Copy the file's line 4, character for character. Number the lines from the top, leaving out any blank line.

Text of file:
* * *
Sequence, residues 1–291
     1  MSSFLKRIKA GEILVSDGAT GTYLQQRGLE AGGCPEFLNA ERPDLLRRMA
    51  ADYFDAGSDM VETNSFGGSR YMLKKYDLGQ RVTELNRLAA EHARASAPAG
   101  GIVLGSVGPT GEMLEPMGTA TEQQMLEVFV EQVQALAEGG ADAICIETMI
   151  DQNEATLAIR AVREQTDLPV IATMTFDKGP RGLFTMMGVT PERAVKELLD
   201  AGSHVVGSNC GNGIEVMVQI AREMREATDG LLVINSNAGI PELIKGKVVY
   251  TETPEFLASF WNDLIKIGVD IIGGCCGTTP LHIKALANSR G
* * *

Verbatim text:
   101  GIVLGSVGPT GEMLEPMGTA TEQQMLEVFV EQVQALAEGG ADAICIETMI